ROME — Christians must be strong and let go of all the bitterness and negativity that prevent them from experiencing God’s consolation and joy, Pope Francis said.
“So many times, we cling to what’s negative, we hold on to the wound of sin inside of us, and many times, the preference is to stay there, alone,” he said in his homily Dec. 11 at morning Mass in the Domus Sanctae Marthae.
Instead, Jesus always tells people to “get up” and have no fear, because he is there to offer salvation, consolation and joy, the pope said.
The pope’s homily focused on the day’s reading from Isaiah (35:1-10) in which the prophet foresaw the glory of the Lord, who will come “with vindication; with divine recompense, he comes to save you.”
This is why people must “strengthen the hands that are feeble, make firm the knees that are weak” and “be strong, fear not” because of the coming of the Lord, the pope said.
Often it is easier, however, to console others than to let oneself be consoled because “we are afraid.”
“We are masters” when it comes to the negative, and impoverished “beggars” when it comes to the positive, he said.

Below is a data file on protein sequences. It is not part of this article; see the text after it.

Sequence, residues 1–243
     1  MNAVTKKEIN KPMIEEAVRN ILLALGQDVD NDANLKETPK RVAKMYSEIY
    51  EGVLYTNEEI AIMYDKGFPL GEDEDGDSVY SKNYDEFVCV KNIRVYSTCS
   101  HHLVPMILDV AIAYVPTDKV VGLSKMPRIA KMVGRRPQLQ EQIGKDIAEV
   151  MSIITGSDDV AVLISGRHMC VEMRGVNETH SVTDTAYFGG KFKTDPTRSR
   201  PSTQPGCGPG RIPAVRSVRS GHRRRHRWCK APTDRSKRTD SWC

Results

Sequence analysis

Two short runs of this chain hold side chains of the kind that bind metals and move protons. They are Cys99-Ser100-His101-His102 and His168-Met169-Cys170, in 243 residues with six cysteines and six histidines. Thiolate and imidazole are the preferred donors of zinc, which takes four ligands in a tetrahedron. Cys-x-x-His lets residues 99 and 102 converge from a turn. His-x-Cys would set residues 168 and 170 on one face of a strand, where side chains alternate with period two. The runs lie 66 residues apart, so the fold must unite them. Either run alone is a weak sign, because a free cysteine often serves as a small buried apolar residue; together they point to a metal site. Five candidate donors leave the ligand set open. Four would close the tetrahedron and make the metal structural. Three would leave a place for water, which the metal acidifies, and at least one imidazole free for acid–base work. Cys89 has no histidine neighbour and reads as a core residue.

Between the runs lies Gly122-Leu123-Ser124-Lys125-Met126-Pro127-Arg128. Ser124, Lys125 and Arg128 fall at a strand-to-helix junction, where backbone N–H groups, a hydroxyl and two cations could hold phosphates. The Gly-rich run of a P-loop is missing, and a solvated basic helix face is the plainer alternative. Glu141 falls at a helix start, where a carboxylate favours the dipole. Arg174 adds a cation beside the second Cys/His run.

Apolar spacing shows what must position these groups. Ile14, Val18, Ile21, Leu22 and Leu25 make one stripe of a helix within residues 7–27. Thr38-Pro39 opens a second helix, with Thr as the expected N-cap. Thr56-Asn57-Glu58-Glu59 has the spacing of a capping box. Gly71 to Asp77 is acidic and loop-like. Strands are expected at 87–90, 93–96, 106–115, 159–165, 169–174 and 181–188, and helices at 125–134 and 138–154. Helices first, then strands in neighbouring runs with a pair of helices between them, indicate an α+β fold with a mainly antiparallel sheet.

There are two things that prevent people from letting themselves find solace with God: Resentment and complaints, Francis said.
When people choose to be resentful and bitter, “we stew our feelings in that broth of bitterness,” preferring to be left alone to sulk undisturbed and defeated, he said.
Then there are people like Jonah — “the Nobel Prize winner of complaints” — who choose to make griping and grumbling the soundtrack accompanying their lives, he said.
Francis said he once knew a priest who was a very good man, but he was “pessimism incarnate.”
He said this priest would always “find the fly in the milk,” that is, point out whatever was wrong or out of place.
His brother priests, the pope said, would joke that instead of greeting St. Peter in heaven, this priest would probably ask to see hell and then complain, “Oh, salvation, what a mess!” because of the lack of condemned souls there.
Instead, God asks people to be strong, get up and trust in him. People need to ask themselves, “How is my heart? Do I harbor some bitterness there? Some sadness?” the pope said. And what is on one’s lips, he asked. “Is it praise to God, beauty or always complaints?”